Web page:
Secondary Logo

Journal Logo

Letters to the Editor

Heightened Central Line-associated Blood Stream Infection Risk During a Pandemic

Mezoff, Ethan A.; Galloway, David; Cole, Conrad R.

Author Information
Journal of Pediatric Gastroenterology and Nutrition: June 2020 - Volume 70 - Issue 6 - p e140-e141
doi: 10.1097/MPG.0000000000002748
  • Free

To the Editor: We wish to update the pediatric gastroenterology community on a critical issue for children with intestinal failure (IF) that threatens to increase emergency department visits and hospitalizations during the pandemic related to SARS-CoV-2. Intestinal rehabilitation (IR) programs seeking to protect their vulnerable patients from COVID-19 are taking unprecedented steps to minimize healthcare exposure, efforts undermined by the recent price increase, and shortage of sterile ethanol.

Children with IF are dependent on central venous catheters for parenteral fluids and nutrition (PN), risking central line-associated blood stream infection (CLABSI), sepsis, liver injury, and death. Locking the central venous catheter with ethanol, a frequently studied and beneficial intervention in IR, reduces the CLABSI rate by 63% (6 infections per 1000 catheter days) (1).

Belcher Pharmaceuticals received FDA approval with orphan drug designation for Ablysinol (dehydrated alcohol) for adult heart disease (2). Such designation precludes medical marketing by others until 2025 and recently resulted in shortage and almost 8-fold price increase (3).

On March 29, 2020, we notified the FDA of a national survey of IR programs on the impact of this decision to IF patients in North American. Twenty centers from 14 US states caring for approximately 950 patients receiving home PN responded. All programs prescribed ethanol with the majority (18, 90%) prescribing 70% concentration. Frequency of use was evenly split between daily (10, 50%) and thrice weekly (10, 50%). Recent shortage was experienced by 17 (85%) centers and 15 (75%) had been requested or mandated to change prescribing practices by homecare agencies due to cost or shortage. This is particularly concerning as a reduction in ethanol lock frequency during a previous shortage resulted in “complete failure” in prophylaxis (4).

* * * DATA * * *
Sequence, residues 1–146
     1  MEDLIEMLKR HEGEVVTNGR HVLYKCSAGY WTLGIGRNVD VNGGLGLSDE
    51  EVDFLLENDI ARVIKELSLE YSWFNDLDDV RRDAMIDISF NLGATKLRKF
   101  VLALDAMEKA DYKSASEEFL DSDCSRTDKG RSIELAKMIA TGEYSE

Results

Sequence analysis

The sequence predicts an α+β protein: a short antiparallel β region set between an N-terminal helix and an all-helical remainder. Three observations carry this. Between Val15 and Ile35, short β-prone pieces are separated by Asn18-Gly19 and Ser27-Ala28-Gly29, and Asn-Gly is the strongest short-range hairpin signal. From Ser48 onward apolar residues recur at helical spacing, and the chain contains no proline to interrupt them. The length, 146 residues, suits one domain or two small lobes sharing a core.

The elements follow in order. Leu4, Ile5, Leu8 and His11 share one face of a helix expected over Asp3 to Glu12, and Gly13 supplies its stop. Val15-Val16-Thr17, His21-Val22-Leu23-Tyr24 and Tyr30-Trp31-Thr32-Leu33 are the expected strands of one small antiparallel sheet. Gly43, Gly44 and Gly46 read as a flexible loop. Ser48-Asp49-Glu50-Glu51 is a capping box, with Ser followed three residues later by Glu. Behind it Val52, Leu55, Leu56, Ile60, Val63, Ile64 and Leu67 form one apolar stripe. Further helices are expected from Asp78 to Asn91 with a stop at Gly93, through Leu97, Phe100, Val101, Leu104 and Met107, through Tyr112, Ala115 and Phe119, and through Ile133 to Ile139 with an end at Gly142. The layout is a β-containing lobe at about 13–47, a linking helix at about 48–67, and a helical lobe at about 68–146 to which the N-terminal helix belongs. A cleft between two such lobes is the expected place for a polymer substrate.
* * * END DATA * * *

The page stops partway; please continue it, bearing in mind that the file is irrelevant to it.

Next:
There is a need to rapidly regain access to ethanol or other agents used internationally, such as 4% tetrasodium ethylenediaminetetraacetic acid or taurolidine citrate. Both are efficacious antimicrobials and may offer other desirable benefits such as anticoagulation (5,6). Always important, the prevention of CLABSI and ensuing hospitalization and resource utilization is ever more relevant while a highly transmissible infectious disease ravages our health care system.


On behalf of the NASPGHAN Intestinal Rehabilitation Special Interest Group.


1. Rahhal R, Abu-El-Haija MA, Fei L, et al. Systematic review and meta-analysis of the utilization of ethanol locks in pediatric patients with intestinal failure. JPEN J Parenter Enteral Nutr 2018; 42:690–701.
2. 2020. [email protected]: FDA-Approved Drugs. Accessed April 6, 2020.
3. Williams D. 2020. Douglas Williams On Linkedin: Statement On Belcher Pharmaceuticals | 10 Comments. Accessed April 6, 2020.
4. Ralls MW, Blackwood RA, Arnold MA, et al. Drug shortage-associated increase in catheter-related blood stream infection in children. Pediatrics 2012; 130:e1369–e1373.
5. Lambe C, Poisson C, Talbotec C, et al. Strategies to reduce catheter-related bloodstream infections in pediatric patients receiving home parenteral nutrition: the efficacy of taurolidine-citrate prophylactic-locking. JPEN J Parenter Enteral Nutr 2018; 42:1017–1025.
6. Liu F, Hansra S, Crockford G, et al. Tetrasodium EDTA is effective at eradicating biofilms formed by clinically relevant microorganisms from patients’ central venous catheters. mSphere 2018; 3:1–16.
Copyright © 2020 by European Society for Pediatric Gastroenterology, Hepatology, and Nutrition and North American Society for Pediatric Gastroenterology, Hepatology, and Nutrition